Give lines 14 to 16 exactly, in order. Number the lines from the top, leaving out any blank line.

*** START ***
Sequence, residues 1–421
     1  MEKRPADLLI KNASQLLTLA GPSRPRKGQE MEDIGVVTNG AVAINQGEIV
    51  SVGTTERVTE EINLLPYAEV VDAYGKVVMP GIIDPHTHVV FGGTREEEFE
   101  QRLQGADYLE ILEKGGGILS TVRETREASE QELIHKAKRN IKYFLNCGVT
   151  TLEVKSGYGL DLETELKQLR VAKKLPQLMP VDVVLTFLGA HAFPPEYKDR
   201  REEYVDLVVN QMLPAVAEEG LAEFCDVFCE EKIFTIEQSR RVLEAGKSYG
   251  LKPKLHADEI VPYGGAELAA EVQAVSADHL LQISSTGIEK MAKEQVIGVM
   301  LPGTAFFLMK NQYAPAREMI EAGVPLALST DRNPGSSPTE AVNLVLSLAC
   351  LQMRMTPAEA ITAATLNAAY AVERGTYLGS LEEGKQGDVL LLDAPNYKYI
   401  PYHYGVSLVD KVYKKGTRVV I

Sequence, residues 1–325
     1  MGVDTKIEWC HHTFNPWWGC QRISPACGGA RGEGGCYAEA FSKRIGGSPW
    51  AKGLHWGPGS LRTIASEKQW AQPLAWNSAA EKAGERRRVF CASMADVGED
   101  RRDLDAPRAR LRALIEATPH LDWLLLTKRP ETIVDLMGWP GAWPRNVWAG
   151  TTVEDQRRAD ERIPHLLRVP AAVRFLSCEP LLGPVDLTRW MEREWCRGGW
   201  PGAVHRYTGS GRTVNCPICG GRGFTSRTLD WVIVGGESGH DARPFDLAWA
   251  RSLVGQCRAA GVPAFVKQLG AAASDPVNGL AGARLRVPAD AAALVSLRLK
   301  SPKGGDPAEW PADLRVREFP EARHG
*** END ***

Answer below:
   101  RRDLDAPRAR LRALIEATPH LDWLLLTKRP ETIVDLMGWP GAWPRNVWAG
   151  TTVEDQRRAD ERIPHLLRVP AAVRFLSCEP LLGPVDLTRW MEREWCRGGW
   201  PGAVHRYTGS GRTVNCPICG GRGFTSRTLD WVIVGGESGH DARPFDLAWA